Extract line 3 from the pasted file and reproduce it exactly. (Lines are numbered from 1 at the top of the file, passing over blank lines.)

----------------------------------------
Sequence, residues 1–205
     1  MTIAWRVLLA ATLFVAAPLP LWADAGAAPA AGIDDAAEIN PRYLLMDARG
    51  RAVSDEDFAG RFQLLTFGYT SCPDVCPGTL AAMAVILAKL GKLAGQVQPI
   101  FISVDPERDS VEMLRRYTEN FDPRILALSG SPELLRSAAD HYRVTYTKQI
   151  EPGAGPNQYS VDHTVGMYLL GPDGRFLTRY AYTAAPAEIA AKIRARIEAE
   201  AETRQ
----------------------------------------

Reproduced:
    51  RAVSDEDFAG RFQLLTFGYT SCPDVCPGTL AAMAVILAKL GKLAGQVQPI